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Many women who have had (or currently have) breast cancer ask if they can breastfeed. The general answer is that breastfeeding is safe unless you are currently being treated with chemotherapy or hormonal therapy. If you have had breast cancer and have not had a double mastectomy, breastfeeding is absolutely possible and very safe.
Breast cancer in younger women tends to be more aggressive, but an early diagnosis can improve your outlook. Your risk of developing breast cancer while lactating is low, but if you’re diagnosed. For example, in certain cases of breast cancer, you may be able to continue nursing from the unaffected breast. Or you may consider “pumping and dumping” – pumping to keep your milk supply going and then throwing away the milk until you can safely breastfeed again. Breastfeeding After Treatment for Early-Stage Breast Cancer Women who become pregnant after completing breast cancer treatment often assume they won’t be able to breastfeed.
Though that’s true for some women, others will be able to breastfeed. Breastfeeding after treatment is safe for you and your baby as long as you are not on. Because cancer is difficult to detect in a lactating breast, it is unusual—though not impossible—for women to be diagnosed during the time they are breastfeeding. Should this happen, it does not automatically mean the end of breastfeeding. Happily, research suggests that nursing after breast cancer is possible, and in most cases a breast cancer survivor can at least try to nurse her baby if she wants to — even on the treated breast.
And since breastfeeding may protect against breast cancer coming back, nursing may benefit both you and your baby (who’ll reap the rewards from drinking your nutrient-rich breast milk). How cancer treatments. Still, many women are able to breastfeed.
If you are still taking any medicines to treat your breast cancer (such as hormone therapy), it’s very important to talk with your doctor before trying to breastfeed. Some drugs can enter the breast milk and might affect the baby. No.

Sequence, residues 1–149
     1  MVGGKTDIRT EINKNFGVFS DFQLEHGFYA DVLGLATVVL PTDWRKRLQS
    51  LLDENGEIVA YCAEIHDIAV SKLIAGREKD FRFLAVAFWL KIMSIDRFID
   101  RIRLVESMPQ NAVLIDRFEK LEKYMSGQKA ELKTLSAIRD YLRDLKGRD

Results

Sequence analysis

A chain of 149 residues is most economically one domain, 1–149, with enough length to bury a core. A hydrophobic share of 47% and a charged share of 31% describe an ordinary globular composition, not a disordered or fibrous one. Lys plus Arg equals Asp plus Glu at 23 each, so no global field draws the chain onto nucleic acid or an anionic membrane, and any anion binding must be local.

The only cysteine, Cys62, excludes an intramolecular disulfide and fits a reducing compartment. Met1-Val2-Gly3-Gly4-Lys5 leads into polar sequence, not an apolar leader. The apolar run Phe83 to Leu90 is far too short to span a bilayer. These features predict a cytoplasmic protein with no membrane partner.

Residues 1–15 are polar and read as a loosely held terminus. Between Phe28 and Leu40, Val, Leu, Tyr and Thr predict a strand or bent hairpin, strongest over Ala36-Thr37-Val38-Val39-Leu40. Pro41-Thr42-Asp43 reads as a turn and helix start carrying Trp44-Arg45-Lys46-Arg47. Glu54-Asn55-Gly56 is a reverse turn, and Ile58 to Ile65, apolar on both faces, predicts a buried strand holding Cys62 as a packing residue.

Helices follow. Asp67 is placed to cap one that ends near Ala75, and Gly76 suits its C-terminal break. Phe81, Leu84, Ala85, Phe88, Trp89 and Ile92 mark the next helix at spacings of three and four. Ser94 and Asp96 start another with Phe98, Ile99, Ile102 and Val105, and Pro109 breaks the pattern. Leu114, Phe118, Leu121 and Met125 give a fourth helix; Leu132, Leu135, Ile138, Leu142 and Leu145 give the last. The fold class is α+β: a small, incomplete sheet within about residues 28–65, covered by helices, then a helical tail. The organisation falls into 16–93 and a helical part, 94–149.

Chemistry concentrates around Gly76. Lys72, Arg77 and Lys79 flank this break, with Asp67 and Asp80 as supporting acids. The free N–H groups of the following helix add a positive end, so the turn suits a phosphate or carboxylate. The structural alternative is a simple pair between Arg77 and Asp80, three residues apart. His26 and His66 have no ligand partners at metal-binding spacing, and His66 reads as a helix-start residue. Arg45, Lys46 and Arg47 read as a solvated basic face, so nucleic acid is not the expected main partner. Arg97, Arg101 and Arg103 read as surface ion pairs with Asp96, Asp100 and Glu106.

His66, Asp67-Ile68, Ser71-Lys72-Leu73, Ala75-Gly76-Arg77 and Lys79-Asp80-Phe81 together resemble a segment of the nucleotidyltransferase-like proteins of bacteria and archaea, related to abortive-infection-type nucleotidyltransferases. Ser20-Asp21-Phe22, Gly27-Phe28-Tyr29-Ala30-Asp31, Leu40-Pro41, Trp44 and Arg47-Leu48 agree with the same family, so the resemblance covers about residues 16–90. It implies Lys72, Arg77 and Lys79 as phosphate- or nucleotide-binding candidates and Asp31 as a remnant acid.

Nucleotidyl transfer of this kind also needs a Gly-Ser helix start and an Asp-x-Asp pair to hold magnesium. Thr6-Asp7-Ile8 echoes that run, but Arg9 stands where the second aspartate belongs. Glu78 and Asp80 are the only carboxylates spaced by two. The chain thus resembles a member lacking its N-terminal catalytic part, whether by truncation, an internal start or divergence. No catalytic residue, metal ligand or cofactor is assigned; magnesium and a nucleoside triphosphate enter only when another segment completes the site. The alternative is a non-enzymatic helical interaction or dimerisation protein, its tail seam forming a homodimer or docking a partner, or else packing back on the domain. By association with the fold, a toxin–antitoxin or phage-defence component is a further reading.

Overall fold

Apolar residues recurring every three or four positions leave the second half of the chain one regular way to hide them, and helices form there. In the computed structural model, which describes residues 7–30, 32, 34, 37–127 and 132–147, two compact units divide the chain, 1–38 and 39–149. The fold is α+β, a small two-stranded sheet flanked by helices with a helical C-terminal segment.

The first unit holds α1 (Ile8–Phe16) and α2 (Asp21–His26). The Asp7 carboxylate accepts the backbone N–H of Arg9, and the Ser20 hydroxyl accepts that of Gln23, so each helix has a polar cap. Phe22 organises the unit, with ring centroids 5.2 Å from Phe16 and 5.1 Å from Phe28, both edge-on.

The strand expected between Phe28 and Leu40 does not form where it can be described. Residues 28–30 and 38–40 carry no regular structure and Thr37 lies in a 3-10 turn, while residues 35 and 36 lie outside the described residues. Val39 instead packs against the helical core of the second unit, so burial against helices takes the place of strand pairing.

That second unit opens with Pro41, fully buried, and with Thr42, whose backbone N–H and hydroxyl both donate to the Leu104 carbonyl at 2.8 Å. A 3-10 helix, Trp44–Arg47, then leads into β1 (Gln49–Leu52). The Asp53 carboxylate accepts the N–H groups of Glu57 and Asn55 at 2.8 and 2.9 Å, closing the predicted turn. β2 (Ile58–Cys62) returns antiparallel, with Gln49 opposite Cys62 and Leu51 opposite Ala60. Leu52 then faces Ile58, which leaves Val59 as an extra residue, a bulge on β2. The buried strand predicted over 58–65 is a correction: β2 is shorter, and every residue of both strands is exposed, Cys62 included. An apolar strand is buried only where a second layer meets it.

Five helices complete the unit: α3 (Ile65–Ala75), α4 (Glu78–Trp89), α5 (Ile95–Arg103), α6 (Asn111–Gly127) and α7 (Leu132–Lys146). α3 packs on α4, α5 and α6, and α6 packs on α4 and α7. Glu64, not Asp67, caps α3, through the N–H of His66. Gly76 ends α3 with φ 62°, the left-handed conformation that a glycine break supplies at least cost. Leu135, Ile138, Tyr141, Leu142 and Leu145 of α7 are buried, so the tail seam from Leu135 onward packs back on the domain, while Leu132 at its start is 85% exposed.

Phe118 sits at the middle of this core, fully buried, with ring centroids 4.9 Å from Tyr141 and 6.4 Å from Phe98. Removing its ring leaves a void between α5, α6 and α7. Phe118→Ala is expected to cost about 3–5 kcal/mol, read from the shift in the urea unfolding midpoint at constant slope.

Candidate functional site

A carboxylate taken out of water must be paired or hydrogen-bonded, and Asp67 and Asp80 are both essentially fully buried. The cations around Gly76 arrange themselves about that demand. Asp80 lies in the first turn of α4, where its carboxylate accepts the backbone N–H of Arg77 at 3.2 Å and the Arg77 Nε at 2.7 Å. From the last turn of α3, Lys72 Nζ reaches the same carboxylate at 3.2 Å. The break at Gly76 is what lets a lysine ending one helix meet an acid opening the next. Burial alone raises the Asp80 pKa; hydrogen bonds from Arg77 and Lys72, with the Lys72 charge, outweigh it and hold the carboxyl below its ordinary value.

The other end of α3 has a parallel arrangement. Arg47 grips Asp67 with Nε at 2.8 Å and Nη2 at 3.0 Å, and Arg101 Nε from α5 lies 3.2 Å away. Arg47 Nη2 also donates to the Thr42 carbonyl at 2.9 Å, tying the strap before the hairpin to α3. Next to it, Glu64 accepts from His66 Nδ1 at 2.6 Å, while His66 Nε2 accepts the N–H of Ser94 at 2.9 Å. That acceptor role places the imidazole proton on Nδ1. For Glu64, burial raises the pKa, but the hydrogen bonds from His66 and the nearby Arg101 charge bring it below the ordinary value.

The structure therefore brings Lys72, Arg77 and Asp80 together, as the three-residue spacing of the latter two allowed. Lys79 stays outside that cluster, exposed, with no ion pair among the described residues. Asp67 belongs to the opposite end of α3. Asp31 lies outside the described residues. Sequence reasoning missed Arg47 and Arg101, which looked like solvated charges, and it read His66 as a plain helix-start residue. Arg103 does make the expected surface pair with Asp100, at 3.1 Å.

If you’ve had a double (bilateral) mastectomy, you won’t be able to breastfeed because there’s no breast tissue remaining to produce milk. If you experience what you think is milk production after a nipple-sparing mastectomy, consult with your surgeon and oncologist about the possible presence of residual breast tissue. Yes. New mothers who have had previous breast or nipple surgery can breastfeed their newborns and are strongly encouraged to do so.
All postpartum women can produce at least droplets of colostrum (first milk). Even if mothers get only some milk, they are providing their baby with antibodies at every feeding. After a mastectomy, you’re highly unlikely to be able to breastfeed on the affected side because the remaining tissue won’t produce much (if any) milk, Jennifer Litton, M.D., associate professor in.
List of related literature:
|from Maternal Child Nursing Care|
|from Myles’ Textbook for Midwives E-Book|
|from Breastfeeding Made Easy: A gift for life for you and your baby|
|from Physiology in Childbearing: With Anatomy and Related Biosciences|
|from Maternity and Women’s Health Care E-Book|
|from Expecting 411 (4th edition): The Insider’s Guide to Pregnancy and Childbirth|
|from Breastfeeding and Human Lactation|
|from Breastfeeding: A Guide for the Medical Profession|
|from Counseling the Nursing Mother|
|from Comprehensive Lactation Consultant Exam Review|